Field Dressing An Elk

If you a hunter and you want to know about field dressing an Elk, stick around. We will lead you through, step by step, so you know how to clean and cool your meat so it doesn't spoil. Elk hunting is one of America's best big game species to pursue, and when you are successful, you'll find the meat is exceptionally tasty. Properly field dressing your Elk is the first step in bringing home food fit for a king.

What you'll need:

  • A sharp knife with a three to four – inch blade
  • a whet stone or other sharpening tool
  • kitchen string
  • a thin rope
  • a small saw that can cut through bone
  • latex gloves
  • game bags
  • plastic storage bags
  • a pack or game cart to pack out the meat
  • Elk tags
  • hunting gear
  1. Tag your Elk. Once you have downed your animal, the first step, before field dressing your Elk, is to tag the animal according to state regulations. Often you must document time and location of taking your animal. Be sure to read all instructions so you are not in violation of local ordinances.
  2. Turn your Elk on its side. Prop your Elk on its side with it's back against a small tree on a slight incline with the animal's tail and stomach facing down hill. Run a string or a thin  rope over a branch of the tree and tie it to one foreleg and one hind leg to spread the animal's legs and to open the chest and stomach area for you to work.
  3. Tie off the intestines. First, to keep waste from contaminating your Elk as you field dress it, cut around the rectum with your small knife, then pull out several inches of the large intestine and tie it off with kitchen string.
  4. Open the belly. To begin removing the internal organs, cut from the sternum down to the pelvis.  Pull the skin up away from the animal's chest and make an incision. Next, hold your knife in your palm with the tip of the blade between your index and middle finger and blade facing away from the animal. Insert your index and middle fingers into the incision you've made just below the sternum. Your fingers will keep the knife tip away from the intestines as you unzip the stomach of the animal.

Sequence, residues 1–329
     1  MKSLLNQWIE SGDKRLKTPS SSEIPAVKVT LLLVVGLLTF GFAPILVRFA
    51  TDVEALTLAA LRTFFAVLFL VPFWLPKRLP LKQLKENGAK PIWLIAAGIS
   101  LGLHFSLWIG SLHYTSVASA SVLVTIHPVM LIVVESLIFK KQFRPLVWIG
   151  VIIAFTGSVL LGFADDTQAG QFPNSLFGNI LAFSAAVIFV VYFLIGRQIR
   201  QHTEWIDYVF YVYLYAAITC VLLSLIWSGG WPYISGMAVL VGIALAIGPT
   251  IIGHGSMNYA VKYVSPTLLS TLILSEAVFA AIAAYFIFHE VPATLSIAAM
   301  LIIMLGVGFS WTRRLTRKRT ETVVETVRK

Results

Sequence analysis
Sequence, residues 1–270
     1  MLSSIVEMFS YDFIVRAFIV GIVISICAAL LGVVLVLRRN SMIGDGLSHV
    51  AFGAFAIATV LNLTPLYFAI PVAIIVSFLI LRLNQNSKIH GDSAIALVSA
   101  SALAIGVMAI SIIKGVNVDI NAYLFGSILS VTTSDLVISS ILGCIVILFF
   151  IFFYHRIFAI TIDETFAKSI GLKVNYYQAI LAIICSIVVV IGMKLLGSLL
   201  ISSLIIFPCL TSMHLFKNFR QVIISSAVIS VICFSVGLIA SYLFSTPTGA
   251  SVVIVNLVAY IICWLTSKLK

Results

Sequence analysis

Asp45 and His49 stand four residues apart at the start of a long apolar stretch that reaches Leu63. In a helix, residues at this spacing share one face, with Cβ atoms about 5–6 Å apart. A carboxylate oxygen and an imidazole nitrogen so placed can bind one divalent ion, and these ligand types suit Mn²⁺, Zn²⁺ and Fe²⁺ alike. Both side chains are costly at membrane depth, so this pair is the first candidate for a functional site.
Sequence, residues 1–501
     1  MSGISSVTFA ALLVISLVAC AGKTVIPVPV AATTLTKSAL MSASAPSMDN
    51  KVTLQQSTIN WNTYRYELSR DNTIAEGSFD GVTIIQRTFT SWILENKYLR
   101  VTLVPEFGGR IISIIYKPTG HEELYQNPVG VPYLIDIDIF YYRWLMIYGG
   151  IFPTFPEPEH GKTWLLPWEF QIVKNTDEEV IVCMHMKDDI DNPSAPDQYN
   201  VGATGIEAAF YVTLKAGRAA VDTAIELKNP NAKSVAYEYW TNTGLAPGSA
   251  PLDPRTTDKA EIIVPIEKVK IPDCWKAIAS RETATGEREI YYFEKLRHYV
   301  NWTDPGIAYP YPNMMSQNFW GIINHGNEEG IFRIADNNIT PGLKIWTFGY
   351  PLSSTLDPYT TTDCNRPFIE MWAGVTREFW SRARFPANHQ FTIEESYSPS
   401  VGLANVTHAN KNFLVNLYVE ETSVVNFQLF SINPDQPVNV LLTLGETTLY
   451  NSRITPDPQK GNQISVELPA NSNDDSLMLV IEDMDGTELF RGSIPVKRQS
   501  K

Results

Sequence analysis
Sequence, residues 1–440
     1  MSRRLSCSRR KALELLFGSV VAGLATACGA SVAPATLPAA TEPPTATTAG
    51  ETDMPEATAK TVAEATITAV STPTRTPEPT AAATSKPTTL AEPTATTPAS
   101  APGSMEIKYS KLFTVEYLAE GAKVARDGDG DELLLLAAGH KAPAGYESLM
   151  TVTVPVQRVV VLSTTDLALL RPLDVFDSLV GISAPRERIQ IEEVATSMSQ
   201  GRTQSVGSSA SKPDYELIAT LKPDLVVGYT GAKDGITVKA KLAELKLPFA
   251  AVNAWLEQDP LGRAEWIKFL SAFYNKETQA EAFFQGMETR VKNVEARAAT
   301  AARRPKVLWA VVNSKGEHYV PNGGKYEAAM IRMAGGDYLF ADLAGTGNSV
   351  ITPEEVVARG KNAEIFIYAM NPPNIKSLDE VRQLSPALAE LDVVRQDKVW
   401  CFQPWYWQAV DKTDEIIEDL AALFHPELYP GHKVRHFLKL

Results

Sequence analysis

5. Cut through the pelvis. Your small bone saw will come in handy to cut through the front of the pelvis. Be careful making this cut because you don't want to puncture the bladder or intestine. Once the pelvis is open you are ready to remove the intestine and organs.
  6. Removing intestines. Cut around the penis using the same technique as the first cut you made through the belly, but leave the testicles attached to show the sex of the animal. This will allow the bladder to come completely free. From the large intestine you tied off at the beginning of the field dressing process, pull the intestines free of the Elk.
  7. Cut the diaphragm. To finish field dressing your elk you will need to cut around the diaphragm which connects the internal organs to the ribs. Once this is cut, pull the lungs and heart out through the stomach cavity.
  8. Free the internal organs. The esophagus begins the digestive tract of the animal. To free the intestines and organs, reach up into the torso of the animal and cut the esophagus free.
  9. Remove the heart and liver. Cut the heart and liver free of the other organs and put them in a plastic storage bag. If you can harvest and field dress an Elk, you can man up and eat some liver and onions.
  10. Haul out your game. You are ready to take your game back to camp or to haul it out to a game processor. Depending on your state, you have some options. Some states allow a deboning method where you take all the meat off the bone and pack it out in game bags. You may also haul out the whole animal and take it to a game processing plant to prepare it for the table.
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